Amlo promised to transform Mexico, but he leaves it much the same

Estimated read time 4 min read

Six years ago, Andrés Manuel López Obrador broke Mexico’s traditional parties’ grip on power to become president, promising to reshape a country wracked by inequality, corruption and violence.

The self-described “Fourth Transformation” – which put López Obrador’s project on a level with the Mexican Revolution and the war of independence – has fallen short of its lofty goals. But López Obrador’s approval ratings remain rock solid, at about 65%, and his party, Morena, seems sure to retain the presidency.

The enduring popularity of López Obrador – known colloquially by his initials, Amlo – reflects the foremost success of his government: the perception of socioeconomic justice.

“First, the poor” is the campaign slogan that Morena most clearly delivered on.

A mix of minimum wage hikes, subsidies and direct cash transfers – sometimes instead of funding public services – has left many voters feeling better off.

Meanwhile, major infrastructure projects, such as the Mayan Train railway project – despite criticism for their questionable economic logic and great environmental cost – are very tangible investments to develop Mexico’s historically poorer regions.

The fact that Mexico’s very richest businesspeople, such as Carlos Slim, have made a lot of money under López Obrador has either gone unnoticed or is relatively unimportant to many Morena voters.

This reflects López Obrador’s skillful communication, perhaps best encapsulated by the sprawling daily press conferences known as the mañaneras, with which he touts his government’s achievements, flames its critics and wanders off on flights of fancy, printing the day’s headlines as he goes.

“They are like a talkshow, sustained entirely by his charisma and his ability to create sympathy among his followers and visceral rejection among his adversaries,” said Humberto Beck, a historian. “He made himself the epicentre of the Mexican news cycle.”

By putting inequality at the centre of his discourse, and weaving in symbolic recognition of marginalised groups, López Obrador “has been able to return large parts of the population to confidence in democracy”, added Beck.

This has created a committed base of supporters who for now appear willing to overlook the unfulfilled promises of his government.

Corruption and impunity are no better than when López Obrador took power. His government, like those before it, has had corruption scandals. Meanwhile, justice remains distant even for the most high-profile crimes, such as the 43 Ayotzinapa students who were forcibly disappeared.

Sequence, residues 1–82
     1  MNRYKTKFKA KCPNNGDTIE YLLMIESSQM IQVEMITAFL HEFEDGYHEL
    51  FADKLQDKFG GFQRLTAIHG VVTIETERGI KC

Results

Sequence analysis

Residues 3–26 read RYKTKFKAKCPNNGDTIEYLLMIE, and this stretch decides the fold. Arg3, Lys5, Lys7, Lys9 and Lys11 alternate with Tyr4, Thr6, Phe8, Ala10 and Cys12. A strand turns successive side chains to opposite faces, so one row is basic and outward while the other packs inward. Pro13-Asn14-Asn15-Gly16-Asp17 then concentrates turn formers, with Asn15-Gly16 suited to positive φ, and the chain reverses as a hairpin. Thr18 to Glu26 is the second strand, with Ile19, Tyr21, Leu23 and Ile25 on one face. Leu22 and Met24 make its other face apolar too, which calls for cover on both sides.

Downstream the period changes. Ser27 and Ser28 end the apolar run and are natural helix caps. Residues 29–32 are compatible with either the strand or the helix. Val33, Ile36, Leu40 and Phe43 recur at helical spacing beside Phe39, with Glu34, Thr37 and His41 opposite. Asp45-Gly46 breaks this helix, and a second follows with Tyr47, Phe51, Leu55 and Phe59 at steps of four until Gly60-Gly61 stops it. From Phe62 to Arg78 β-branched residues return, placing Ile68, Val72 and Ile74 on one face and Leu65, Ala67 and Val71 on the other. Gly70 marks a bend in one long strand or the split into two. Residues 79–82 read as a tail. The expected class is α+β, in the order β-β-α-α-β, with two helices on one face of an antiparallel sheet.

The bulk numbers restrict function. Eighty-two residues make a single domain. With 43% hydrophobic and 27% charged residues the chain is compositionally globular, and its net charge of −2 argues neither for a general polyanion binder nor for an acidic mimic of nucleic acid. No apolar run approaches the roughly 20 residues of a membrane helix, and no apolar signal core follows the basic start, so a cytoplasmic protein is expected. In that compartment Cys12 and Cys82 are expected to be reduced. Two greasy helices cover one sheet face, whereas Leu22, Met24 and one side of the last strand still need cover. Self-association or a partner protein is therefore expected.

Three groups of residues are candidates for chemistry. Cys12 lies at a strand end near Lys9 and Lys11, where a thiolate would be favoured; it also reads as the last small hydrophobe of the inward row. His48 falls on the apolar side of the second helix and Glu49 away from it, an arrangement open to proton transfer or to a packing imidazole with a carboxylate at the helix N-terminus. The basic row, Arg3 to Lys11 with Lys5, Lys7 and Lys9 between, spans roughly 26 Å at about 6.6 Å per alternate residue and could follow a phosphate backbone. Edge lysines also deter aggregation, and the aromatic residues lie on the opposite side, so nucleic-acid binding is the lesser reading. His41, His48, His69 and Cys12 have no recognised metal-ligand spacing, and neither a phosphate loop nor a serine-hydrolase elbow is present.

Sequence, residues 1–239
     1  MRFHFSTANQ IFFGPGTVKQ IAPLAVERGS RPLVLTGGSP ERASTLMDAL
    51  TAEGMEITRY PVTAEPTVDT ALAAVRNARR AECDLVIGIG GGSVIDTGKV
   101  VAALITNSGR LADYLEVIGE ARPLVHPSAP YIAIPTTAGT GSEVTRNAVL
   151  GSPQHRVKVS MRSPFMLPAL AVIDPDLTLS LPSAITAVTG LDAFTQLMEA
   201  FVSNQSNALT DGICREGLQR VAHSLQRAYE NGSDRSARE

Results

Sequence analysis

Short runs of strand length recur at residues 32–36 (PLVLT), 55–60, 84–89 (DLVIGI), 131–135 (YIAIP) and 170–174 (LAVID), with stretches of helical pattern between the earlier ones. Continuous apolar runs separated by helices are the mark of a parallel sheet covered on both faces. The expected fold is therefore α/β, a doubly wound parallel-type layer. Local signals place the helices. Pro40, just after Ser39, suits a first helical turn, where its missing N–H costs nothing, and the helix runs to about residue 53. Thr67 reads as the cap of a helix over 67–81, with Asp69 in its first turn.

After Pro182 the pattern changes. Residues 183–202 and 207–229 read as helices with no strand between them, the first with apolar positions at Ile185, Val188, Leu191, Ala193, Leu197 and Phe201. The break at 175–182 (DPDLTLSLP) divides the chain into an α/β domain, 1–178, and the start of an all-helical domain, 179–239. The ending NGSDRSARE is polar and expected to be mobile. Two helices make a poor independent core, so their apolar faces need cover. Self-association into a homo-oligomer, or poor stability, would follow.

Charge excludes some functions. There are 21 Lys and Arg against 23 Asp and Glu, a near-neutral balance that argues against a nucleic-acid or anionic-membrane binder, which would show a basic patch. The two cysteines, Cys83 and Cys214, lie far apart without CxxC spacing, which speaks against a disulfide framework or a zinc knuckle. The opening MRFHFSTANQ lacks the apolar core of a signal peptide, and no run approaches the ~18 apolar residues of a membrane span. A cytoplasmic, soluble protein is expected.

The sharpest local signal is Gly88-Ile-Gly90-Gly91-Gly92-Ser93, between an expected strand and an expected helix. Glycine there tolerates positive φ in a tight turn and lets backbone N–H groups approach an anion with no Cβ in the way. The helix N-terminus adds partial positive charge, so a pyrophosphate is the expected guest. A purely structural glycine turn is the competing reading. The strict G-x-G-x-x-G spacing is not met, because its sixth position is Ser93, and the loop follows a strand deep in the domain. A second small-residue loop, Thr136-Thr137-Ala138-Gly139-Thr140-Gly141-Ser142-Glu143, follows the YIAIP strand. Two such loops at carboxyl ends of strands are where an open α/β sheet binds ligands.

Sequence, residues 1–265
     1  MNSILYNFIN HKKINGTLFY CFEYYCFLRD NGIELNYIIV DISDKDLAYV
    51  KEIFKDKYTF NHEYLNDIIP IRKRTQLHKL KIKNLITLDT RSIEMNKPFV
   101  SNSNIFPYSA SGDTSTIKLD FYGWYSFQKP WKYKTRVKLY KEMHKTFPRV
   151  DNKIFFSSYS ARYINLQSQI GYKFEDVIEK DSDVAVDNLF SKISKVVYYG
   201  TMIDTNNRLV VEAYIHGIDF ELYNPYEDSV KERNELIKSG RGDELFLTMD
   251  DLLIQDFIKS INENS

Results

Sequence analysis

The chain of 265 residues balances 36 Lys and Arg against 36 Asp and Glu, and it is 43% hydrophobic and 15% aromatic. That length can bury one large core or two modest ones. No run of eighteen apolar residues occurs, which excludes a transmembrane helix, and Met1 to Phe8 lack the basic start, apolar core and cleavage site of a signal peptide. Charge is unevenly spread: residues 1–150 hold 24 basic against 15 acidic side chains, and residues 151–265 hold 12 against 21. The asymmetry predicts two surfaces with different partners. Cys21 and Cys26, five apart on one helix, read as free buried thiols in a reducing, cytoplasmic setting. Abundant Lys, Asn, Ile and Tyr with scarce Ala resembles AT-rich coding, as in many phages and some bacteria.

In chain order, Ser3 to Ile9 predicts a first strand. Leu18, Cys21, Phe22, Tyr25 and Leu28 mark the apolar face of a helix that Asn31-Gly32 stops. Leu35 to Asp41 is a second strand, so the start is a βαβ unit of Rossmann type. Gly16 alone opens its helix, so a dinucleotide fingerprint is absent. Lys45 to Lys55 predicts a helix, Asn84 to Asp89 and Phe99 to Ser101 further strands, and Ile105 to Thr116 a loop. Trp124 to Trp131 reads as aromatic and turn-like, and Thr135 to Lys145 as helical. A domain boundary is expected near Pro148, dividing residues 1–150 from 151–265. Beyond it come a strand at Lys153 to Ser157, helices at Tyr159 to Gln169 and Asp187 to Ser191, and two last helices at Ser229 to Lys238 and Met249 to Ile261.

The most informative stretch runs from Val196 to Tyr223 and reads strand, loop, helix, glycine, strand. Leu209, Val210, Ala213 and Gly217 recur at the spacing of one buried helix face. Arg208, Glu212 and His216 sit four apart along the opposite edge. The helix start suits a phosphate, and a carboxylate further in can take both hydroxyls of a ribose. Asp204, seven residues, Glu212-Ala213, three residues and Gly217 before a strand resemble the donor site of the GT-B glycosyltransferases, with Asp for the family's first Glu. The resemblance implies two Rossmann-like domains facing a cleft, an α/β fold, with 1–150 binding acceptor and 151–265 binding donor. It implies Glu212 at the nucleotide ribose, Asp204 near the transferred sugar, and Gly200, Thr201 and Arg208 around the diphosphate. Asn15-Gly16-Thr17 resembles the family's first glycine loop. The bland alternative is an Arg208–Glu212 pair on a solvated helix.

Although the homicide rate fell slightly during the last years of López Obrador’s government, Mexico has seen more than 30,000 murders each of the last six years. Its homicide rate is still among the highest in Latin America.

Meanwhile, more than 100,000 people remain missing. In August 2023, the director of the national search commission resigned, citing pressure to reduce the ever-rising number of disappeared people, which had become politically damaging to the government.

“When it comes to security, it’s clear that López Obrador did not solve anything,” said Guadalupe Correa-Cabrera, a political scientist. “This administration has seen more homicides than the previous two. This is part of a vicious cycle, but you can’t just blame the others and not take responsibility.”

Meanwhile, despite López Obrador’s promise to return the soldiers to their barracks, the military has seen its role expand into many areas previously reserved for civil society, such as domestic security, infrastructure construction, the development of tourism and customs management.

The full implications of this are yet to play out, but the activities of the military are beyond the reach of democratic scrutiny.

“They have not calculated this well,” said Correa-Cabrera. “Administrations come to an end. Morena looks like it will get a second, but a third? Who knows. And the military has come to stay.”

This militarisation, along with López Obrador’s attacks on institutions that oppose him, has led the opposition to sound the alarm about the threat of democratic regression.

Mexico became a democracy in 2000, after 71 years of one-party rule by the Institutional Revolutionary Party – one of the parties now in the opposition coalition.

“The criticisms of the opposition are in one sense correct,” said Beck. “But then their own democratic credentials are far from impeccable. And [to Morena voters] they still represent the forces López Obrador triumphed over: a narrow, oligarchic and corrupt vision of democracy.”


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